cowan at mercury.ccil.org
Fri Nov 27 05:18:24 CET 2015
Shawn Steele scripsit:
> Basic English was (at least partially) intended to be an international
> language that would be easy for people around the world to learn.
Indeed, which was Churchill's original interest in it. Unfortunately,
its use of short native verbs with particles like "put up with" turns
out to be harder to learn than more inter-European words like "endure".
> Its simplified vocabulary (originally 850 words, I don't know if that's
> changed) was intended to be simple.
850 words plus whatever technical terms are needed for the particular text.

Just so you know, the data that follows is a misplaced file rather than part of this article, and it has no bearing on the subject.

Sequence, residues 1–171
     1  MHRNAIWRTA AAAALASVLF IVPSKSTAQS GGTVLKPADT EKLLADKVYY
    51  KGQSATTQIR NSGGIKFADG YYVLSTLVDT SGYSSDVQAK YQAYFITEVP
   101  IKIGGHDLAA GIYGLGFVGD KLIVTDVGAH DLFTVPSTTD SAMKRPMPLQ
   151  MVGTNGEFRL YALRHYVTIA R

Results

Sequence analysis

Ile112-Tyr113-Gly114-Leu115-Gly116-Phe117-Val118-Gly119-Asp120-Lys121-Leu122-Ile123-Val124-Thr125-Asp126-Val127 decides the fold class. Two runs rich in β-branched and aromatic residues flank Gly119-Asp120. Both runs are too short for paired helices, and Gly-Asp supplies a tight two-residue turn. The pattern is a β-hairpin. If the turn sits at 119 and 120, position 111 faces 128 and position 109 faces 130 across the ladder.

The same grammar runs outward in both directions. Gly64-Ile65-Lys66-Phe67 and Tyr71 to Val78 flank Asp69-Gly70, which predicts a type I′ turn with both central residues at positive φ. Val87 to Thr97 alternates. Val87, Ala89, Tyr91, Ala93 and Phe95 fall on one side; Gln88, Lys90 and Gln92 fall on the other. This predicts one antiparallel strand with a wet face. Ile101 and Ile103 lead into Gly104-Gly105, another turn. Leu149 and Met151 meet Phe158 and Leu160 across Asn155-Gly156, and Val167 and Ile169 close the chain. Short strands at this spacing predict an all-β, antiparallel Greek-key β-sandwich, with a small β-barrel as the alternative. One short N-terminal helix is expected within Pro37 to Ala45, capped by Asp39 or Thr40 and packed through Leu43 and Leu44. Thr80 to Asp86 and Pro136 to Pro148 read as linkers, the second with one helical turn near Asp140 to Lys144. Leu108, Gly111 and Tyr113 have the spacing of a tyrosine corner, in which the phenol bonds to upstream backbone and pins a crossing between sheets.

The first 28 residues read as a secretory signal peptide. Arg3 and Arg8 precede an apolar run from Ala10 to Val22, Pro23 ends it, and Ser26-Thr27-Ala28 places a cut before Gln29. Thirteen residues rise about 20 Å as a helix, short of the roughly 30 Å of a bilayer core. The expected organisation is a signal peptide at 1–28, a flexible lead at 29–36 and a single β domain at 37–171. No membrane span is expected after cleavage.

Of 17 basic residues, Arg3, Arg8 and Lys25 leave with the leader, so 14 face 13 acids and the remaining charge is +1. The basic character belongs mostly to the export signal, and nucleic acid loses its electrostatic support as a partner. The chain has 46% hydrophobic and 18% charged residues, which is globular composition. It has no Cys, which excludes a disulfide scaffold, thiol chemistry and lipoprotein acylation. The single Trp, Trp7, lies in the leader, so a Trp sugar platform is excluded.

Ogden never thought that it would be possible to do without those.
Hs opponents caricatured Basic for its supposed clumsiness by translating
"The officer led his troops against the enemy, but the enemy stood firm"
as "The person in military authority was the guide of his men in the army
against the nation at war, but the non-friends stood solidly upright",
using only the 850-word vocabulary. But Ogden himself retorted with
"The lieutenant went in front of his men to the attack, but the other
side did not give way", using just one technical term.
John Cowan http://www.ccil.org/~cowan cowan at ccil.org
Dream projects long deferred usually bite the wax tadpole.
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